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Karl Rove's Lucky Day: DC Appeals Court Rules Top Donors Can Remain Secret

As the Romney campaign teeters, GOP kingpins win legal right to keep 2012's top donors' names secret.

 
 
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Today is a bad day for American Democracy. A federal appeals court in Washington has ruled in a complex case that the political groups that are raising millions in anonymous donations from multi-millionaires in 2012 and not-so-secretly spending it on political attack ads do not have to reveal their donors.

The ruling by the DC Court of Appeals essentially cements the reality that there are two kinds of political campaigns in American politics: one playing by the rules and limits established by Congress, where donations are capped and disclosed in order to prevent the appearance or occurence of corruption, and another one where those rules do not apply and the super rich can secretly back candidates without telling the public.

The case, Van Hollen vs. FEC, sought to force disclosure of the mega-donors bankrolling political organizations that were organized as non-profits under federal tax law, such as Karl Rove's Crossroads GPS and the pro-Obama Priorities USA. These groups, particularly on the GOP side of the aisle, have been spending tens of millions on campaign ads in the presidential and congressional races. Because they are non-profits and not political committees, they do not have to disclose their donors.

While the IRS has been investigating whether these groups and dozens like them have violated their federal charter as non-profits, it wasn't expected to reach a final conclusion in the weeks before the November election. Thus, this lawsuit, brought by a coalition of progerssive campaign finance reform groups, sought to force the political non-profits to all disclose their donors by citing recent Supreme Court rulings favoring disclosure and federal campaign finance disclosure laws.

Coming against the backdrop of an embattled and sinking Romney campaign, the ruling will be cheered by the GOP as they are likely to double down on their top sponsors to spend even more for negative ads to unseat Obama and try to have majorities in Congress.  

Here's a statement from Gerald Hebert, executive director of the Campaign Legal Center, which sued to force the non-profits to disclose their donors:

"Today’s decision by the DC Court of Appeals is disappointing in that it will allow the continuing wholesale evasion of disclosure laws passed by Congress and upheld by the courts. At issue in this case is an FEC regulation that resulted in an almost complete failure by groups making “electioneering communications” to publicly disclose their contributors.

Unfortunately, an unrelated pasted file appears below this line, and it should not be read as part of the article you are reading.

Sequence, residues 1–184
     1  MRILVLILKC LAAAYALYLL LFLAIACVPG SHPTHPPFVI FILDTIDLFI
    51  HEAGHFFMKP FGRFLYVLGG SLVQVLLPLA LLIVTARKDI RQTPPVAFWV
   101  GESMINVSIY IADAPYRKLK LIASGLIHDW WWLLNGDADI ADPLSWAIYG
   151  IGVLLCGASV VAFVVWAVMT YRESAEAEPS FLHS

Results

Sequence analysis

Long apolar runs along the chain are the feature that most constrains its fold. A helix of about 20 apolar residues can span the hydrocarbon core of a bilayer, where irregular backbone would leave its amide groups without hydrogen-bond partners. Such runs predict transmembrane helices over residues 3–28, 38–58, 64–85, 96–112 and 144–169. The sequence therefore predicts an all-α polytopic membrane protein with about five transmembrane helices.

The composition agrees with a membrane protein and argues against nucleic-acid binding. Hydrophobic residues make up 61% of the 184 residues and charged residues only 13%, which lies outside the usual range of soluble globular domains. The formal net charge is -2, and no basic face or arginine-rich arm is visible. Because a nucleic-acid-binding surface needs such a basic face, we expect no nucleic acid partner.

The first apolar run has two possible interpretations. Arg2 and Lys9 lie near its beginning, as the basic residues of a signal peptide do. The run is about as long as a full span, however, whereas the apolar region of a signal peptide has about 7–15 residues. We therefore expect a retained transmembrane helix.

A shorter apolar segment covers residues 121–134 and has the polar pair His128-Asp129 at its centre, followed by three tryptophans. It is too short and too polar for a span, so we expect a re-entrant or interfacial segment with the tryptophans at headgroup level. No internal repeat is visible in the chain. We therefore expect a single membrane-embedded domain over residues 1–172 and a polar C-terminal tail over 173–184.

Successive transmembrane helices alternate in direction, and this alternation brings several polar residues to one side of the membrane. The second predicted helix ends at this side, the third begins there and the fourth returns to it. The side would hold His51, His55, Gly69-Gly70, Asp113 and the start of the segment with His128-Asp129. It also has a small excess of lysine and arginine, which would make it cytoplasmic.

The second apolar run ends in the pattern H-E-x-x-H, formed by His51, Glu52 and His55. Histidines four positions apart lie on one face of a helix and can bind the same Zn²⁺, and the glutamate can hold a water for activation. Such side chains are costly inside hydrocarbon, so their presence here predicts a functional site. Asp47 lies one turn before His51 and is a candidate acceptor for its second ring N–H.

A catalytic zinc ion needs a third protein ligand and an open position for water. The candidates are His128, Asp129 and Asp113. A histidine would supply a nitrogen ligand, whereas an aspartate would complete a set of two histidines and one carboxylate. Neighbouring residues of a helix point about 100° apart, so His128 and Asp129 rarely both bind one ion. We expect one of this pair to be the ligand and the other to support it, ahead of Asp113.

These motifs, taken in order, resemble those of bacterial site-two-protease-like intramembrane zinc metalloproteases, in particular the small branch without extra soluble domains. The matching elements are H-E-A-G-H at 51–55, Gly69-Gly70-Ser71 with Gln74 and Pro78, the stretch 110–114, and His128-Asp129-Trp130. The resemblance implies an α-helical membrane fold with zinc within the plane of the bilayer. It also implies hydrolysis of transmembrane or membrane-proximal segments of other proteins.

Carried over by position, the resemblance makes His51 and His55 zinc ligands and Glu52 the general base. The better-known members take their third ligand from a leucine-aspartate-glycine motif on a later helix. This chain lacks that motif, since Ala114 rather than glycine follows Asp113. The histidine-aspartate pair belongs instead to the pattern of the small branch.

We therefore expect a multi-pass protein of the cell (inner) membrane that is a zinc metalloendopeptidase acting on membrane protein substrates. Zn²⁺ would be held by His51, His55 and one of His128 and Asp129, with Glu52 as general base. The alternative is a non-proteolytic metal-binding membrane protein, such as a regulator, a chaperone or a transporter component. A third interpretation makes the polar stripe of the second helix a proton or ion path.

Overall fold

"The district court had found that the FEC had created a gaping loophole in the disclosure requirement when it issued a regulation in 2007 that required disclosure only of donors who had given “for the purpose of” funding “electioneering communications.”  Today’s decision sends the case back to the trial court, which had overturned the FEC regulation. The Court of Appeals has directed the lower court to provide the FEC an opportunity to revise the regulation in a rulemaking proceeding.  If the FEC fails to issue a new rule, then district court will decide whether the existing rule is arbitrary and capricious, as Representative Van Hollen has argued.

"This order effectively means that there will be no disclosure of the donors funding the tens of millions of dollars being spent on political advertising by 501(c)(4) groups like Crossroads GPS and Priorities USA in the 2012 election cycle.  In the wake of this decision we are once again left with all of the unlimited spending unleashed by the Supreme Court’s Citizens United decision, but with virtually none of the disclosure promised by the narrow five Justice majority in the case.
 
"The Campaign Legal Center is part of the legal team representing Rep. Van Hollen in this case, which is led by Roger Witten of WilmerHale.  The legal team also includes lawyers from WilmerHale, Democracy 21 and Public Citizen."

AlterNet / By Steven Rosenfeld

Posted at September 18, 2012, 10:25am

 
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